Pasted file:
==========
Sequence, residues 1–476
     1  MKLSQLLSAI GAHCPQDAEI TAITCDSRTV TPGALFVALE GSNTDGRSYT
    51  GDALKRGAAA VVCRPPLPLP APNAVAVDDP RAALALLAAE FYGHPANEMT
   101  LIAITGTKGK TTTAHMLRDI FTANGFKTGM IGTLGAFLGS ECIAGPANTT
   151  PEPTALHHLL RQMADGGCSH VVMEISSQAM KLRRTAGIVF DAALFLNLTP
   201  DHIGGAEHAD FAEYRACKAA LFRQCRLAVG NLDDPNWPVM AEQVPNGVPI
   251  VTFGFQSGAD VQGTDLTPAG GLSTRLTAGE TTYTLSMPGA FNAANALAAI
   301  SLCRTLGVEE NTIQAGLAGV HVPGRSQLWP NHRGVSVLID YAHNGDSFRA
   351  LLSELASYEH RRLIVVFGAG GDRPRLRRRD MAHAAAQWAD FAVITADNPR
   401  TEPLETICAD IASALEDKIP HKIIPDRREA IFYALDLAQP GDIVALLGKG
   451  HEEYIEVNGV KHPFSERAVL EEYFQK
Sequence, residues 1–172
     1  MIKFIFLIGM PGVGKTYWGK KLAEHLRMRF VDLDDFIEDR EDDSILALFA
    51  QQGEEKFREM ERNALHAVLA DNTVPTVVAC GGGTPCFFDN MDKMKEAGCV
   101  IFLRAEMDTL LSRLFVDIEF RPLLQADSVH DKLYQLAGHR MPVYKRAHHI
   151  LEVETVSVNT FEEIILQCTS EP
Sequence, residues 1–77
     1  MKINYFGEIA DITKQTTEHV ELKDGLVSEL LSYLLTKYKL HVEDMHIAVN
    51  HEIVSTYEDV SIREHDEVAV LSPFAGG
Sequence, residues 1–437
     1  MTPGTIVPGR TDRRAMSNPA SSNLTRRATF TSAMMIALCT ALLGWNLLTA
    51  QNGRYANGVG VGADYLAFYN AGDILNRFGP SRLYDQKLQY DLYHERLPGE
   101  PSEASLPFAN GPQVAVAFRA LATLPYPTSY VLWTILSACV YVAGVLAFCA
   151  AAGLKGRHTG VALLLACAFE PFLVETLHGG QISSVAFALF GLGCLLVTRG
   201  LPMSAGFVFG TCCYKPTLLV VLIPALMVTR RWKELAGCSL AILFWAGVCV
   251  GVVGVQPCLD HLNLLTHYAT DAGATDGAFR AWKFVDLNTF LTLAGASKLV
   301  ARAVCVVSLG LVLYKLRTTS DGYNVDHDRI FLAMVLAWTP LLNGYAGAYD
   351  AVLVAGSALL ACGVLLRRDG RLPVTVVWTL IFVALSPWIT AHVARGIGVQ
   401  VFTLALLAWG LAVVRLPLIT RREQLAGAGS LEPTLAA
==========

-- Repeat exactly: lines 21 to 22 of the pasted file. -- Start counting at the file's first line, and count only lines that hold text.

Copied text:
     1  MTPGTIVPGR TDRRAMSNPA SSNLTRRATF TSAMMIALCT ALLGWNLLTA
    51  QNGRYANGVG VGADYLAFYN AGDILNRFGP SRLYDQKLQY DLYHERLPGE